The oil urushiol present in the leaves, roots, and leaves of the poison ivy plant is responsible for the rash that comes after touching it. To get rid of the rash caused by touching poison ivy, you have to also get rid of the oil. To treat the rash, you should do the following:
- Immediately rinse your skin with soap and lukewarm water: This will wash off the oil and stop it from spreading elsewhere on your skin and to other people. You can use a bar of dishwashing soap/laundry soap or alcohol for this purpose.
- Wash your clothing: Thoroughly washing your clothing will also remove the oil on the clothing that might have come in contact with the poison ivy plant. Make sure you use gloves while taking off your clothes; else, the oil will spread on your unaffected skin.
- Wash other things that you suspect: If you suspect that along with your body and clothes, some other things (such as gardening tools, golf clubs, and leashes) might have touched the plant, wash them as well.
What can stop poison ivy from causing an itch?
- Take either a short lukewarm bath or cool showers: You can use an over-the-counter colloidal oatmeal product, dissolve it in the bathtub, and then soak yourself, or you can apply a paste—three tsp of baking soda + one tsp of water on your skin and wash it off under running water/shower.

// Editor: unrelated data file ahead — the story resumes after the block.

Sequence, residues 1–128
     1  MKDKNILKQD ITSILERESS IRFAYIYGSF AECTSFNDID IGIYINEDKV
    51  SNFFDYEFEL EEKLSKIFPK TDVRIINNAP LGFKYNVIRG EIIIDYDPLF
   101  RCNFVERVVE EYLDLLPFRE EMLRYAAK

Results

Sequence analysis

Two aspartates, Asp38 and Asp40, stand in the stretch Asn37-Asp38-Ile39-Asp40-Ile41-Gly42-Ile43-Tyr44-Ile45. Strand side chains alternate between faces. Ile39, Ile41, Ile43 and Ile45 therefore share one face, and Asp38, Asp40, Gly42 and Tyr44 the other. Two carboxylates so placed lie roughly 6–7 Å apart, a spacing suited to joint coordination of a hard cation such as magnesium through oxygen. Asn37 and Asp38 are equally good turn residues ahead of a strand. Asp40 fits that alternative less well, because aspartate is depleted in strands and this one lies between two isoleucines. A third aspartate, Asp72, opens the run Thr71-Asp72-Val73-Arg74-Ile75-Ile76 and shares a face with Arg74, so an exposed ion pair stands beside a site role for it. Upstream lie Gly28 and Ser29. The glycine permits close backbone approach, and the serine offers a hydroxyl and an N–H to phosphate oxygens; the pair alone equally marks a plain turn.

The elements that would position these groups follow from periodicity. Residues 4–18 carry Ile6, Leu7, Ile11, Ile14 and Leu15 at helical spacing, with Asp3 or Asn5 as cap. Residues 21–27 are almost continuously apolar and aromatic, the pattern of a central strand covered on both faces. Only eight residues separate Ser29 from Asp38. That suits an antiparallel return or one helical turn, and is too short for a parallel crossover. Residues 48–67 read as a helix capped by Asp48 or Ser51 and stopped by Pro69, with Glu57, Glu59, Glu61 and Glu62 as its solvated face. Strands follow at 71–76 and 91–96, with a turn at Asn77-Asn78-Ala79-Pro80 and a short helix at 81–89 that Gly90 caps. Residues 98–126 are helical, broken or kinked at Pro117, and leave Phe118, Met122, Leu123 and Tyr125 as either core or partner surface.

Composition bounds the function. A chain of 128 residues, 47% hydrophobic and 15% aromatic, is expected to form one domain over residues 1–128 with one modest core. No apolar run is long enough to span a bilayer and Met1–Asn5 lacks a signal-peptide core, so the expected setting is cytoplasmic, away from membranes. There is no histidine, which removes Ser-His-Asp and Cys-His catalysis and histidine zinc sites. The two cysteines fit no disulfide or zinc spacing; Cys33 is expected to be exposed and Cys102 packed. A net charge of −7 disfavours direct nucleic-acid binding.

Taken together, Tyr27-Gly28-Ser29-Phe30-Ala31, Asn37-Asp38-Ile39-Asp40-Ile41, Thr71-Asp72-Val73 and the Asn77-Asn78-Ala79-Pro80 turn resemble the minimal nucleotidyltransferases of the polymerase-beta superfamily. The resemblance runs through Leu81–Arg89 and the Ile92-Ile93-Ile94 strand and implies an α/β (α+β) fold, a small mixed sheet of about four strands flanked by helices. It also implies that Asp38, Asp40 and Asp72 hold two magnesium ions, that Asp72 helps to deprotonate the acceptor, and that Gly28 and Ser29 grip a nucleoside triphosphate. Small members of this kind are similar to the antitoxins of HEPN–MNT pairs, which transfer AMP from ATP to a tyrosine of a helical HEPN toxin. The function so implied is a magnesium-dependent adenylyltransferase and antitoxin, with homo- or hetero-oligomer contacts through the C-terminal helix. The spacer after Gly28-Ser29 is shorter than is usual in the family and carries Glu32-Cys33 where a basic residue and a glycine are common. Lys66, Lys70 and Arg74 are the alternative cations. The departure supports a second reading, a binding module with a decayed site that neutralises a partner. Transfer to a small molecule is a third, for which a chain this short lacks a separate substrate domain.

- Use calamine lotion or hydrocortisone cream: Initially, you can apply calamine lotion to reduce the itch. If this does not work, you can use hydrocortisone cream or lotion as per the label instructions.
- Apply a cool compress: Soak a clean, wet cloth in water and squeeze it to remove excess water. Hold this cloth on the itchy skin for a few minutes.
- Consider taking antihistamine pills: Taking an over-the-counter antihistamine pill such as Zyrtec (cetirizine), Allegra (fexofenadine), or Alavert and Claritin (loratadine) can help control the itch considerably.
How to prevent a poison ivy rash?
Because most people are allergic to the urushiol oil, nearly everyone who comes into contact with poison ivy usually develops a rash. The more your exposure to this plant, the more severe is your allergic reaction. You can try preventing the rash by:
- Covering your entire body.
- Applying an ivy blocker (ivy blockers act as a shield against the oil).
- Stopping your favorite outdoor activity if you develop a severe allergic reaction.
- Switching to some other job if working outdoors is always associated with an allergic reaction to the poison ivy plant.
- Staying away from poison ivy even if it has not caused any allergic reaction on your skin earlier.
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American Academy of Dermatology Association (AAD). Poison ivy, oak, and sumac. Available at: https://www.aad.org/public/everyday-care/itchy-skin/poison-ivy